Natural Frequency Extraction Results

The natural frequency extraction was performed on the entire honeycomb sandwich panel models presented for both the 1 × 40 models and the 2 × 80 unit cell honeycomb models. As discussed earlier, each model has the same total mass. Though all the results are recorded for use in the division of frequency increments in the steady state analysis, we report only the first ten here. For the models with a single row (1 by 40) of periodic unit cells, the first ten frequencies for the honeycomb sandwich panels are shown in Table 3 (positive angles) and Table 4 (negative angles). It should be noted that the + 45 deg model only has nine modes within the specified range. The mode shapes for the honeycomb sandwich panels corresponding to the first ten natural frequencies exhibit a classical global flexural shape superimposed with local modes within the unit cells as the mode number increases. At some higher modes, especially for the negative angle honeycomb core geometries, nonflexural dilatational mode shapes are exhibited; examples are shown in [38].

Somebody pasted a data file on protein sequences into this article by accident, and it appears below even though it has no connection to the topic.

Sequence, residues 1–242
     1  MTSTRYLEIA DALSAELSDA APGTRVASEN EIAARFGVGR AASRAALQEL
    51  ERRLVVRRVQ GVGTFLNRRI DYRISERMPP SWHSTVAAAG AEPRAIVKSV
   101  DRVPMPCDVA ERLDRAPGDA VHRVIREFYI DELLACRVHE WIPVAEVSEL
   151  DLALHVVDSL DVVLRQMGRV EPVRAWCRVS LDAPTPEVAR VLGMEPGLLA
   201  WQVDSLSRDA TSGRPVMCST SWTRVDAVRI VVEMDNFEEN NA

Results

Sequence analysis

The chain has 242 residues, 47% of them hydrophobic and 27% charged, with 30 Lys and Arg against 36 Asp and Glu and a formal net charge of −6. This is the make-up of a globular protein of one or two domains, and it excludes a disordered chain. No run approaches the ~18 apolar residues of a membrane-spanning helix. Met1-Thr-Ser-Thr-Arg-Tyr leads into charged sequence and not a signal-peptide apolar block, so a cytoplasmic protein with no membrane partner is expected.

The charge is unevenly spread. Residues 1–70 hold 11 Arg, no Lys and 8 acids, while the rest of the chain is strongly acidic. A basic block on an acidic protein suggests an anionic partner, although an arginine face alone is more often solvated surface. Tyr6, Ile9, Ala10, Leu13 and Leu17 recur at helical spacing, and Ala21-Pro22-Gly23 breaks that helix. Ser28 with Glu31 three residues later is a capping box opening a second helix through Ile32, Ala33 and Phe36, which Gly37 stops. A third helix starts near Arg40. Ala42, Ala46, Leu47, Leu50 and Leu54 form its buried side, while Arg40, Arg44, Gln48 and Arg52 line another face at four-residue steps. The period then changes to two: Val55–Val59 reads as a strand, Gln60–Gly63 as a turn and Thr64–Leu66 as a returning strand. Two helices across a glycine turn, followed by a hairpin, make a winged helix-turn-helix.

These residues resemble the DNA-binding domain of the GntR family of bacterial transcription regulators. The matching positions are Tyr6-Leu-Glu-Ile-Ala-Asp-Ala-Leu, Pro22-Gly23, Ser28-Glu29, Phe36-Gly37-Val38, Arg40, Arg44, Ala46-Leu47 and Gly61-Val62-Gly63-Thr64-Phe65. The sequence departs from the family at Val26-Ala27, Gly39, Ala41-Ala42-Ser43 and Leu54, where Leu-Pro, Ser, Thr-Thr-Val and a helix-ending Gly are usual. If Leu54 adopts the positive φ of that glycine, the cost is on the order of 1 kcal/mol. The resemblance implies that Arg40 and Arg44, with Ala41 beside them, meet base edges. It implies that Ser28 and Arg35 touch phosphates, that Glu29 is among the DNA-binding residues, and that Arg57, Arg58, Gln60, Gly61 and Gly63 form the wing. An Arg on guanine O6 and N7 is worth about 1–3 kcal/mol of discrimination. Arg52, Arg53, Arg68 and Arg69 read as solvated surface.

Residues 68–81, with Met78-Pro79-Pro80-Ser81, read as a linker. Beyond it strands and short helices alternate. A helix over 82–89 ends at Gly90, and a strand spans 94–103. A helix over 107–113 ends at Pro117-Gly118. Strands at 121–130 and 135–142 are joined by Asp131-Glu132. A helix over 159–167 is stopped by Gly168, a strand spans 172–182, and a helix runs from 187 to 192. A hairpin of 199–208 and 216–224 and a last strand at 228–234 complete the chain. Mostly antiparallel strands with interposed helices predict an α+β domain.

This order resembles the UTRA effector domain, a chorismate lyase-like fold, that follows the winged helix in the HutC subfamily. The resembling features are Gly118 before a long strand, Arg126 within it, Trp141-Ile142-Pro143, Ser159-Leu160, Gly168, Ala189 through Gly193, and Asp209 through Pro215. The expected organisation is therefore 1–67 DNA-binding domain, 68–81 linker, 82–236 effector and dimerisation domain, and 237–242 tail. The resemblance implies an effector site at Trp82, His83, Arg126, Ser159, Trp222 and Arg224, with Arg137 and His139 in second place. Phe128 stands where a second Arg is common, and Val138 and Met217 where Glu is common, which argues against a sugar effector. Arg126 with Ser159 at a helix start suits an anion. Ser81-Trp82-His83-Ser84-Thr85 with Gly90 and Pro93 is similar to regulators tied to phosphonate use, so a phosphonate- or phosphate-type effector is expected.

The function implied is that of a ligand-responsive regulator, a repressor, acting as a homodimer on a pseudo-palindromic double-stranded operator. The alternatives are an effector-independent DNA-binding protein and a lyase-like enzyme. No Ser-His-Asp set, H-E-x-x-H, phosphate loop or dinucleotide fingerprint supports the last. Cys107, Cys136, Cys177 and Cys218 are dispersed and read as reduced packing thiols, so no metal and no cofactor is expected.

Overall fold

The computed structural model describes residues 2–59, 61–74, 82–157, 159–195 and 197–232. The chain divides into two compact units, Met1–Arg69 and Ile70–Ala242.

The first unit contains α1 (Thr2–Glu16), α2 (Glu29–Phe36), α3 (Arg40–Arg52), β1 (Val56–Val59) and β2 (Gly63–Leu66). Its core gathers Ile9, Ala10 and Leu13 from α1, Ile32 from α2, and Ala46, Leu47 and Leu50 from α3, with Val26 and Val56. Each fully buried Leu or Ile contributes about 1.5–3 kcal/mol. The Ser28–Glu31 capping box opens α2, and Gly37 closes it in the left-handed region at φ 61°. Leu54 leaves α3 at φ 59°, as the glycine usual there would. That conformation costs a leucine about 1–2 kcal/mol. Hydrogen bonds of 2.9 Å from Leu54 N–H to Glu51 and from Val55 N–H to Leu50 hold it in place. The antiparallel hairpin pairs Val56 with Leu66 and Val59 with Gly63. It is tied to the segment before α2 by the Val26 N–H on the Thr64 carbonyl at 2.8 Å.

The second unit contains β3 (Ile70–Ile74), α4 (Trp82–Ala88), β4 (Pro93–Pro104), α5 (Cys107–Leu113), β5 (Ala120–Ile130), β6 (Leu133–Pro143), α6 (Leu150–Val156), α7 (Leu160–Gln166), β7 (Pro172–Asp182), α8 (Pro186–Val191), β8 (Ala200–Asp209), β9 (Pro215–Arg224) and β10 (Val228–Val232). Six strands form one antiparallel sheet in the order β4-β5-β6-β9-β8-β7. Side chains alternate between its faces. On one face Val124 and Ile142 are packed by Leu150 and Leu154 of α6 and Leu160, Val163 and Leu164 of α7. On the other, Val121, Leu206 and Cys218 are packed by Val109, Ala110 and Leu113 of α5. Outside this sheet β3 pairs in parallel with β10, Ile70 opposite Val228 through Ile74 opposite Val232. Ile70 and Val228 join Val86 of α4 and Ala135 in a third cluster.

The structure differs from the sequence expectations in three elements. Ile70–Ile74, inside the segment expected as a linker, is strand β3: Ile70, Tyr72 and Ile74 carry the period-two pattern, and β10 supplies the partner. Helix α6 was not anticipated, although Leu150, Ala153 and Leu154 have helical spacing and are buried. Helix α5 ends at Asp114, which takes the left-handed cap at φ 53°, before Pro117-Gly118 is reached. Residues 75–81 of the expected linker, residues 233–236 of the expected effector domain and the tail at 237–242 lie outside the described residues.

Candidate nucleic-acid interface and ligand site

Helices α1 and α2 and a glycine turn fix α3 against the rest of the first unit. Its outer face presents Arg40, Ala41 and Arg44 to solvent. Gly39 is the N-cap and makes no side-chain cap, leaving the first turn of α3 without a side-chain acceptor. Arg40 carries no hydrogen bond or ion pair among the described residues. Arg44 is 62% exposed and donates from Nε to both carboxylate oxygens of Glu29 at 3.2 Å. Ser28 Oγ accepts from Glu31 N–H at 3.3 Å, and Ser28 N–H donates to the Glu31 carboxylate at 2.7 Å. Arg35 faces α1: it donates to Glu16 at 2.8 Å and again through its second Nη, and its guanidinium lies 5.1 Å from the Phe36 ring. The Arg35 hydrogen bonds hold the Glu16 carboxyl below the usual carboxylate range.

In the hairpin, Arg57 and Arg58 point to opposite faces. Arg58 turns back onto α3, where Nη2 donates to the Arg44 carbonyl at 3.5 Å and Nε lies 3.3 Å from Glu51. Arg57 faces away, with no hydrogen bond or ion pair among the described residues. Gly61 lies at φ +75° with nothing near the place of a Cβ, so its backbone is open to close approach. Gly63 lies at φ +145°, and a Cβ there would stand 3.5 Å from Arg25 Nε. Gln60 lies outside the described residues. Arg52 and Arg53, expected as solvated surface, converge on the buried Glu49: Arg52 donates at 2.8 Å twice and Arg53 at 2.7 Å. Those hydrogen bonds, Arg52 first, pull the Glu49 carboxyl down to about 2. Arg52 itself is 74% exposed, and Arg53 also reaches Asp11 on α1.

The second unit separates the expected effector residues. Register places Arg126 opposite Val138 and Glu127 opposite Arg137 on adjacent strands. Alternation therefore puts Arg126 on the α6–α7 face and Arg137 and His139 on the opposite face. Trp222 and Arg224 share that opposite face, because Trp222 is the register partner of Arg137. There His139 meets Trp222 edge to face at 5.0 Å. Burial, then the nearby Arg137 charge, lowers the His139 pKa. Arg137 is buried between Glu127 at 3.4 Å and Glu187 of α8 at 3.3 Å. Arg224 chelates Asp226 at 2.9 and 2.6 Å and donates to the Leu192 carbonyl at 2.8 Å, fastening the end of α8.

The lowest first modal frequency for the regular honeycomb core sandwich panels occurred at 43.0 Hz (+5 deg model) after which the first natural frequency increased as the cell angle increased (becoming more positive) for each of the positive angle models. The lowest first modal frequency for the auxetic core sandwich panels occurred at 11.7 Hz (−45 deg model). The first natural frequencies again occurred for each auxetic core as the cell angle increased (becoming less negative). In general, we observed that the lower angle models, meaning less positive or more negative angles, exhibited lower overall natural frequencies at each of the mode numbers. The increase of the cell angle caused an increase in the first natural frequency. In addition, those models with lower first natural frequencies exhibited a smaller spacing between subsequent natural frequencies.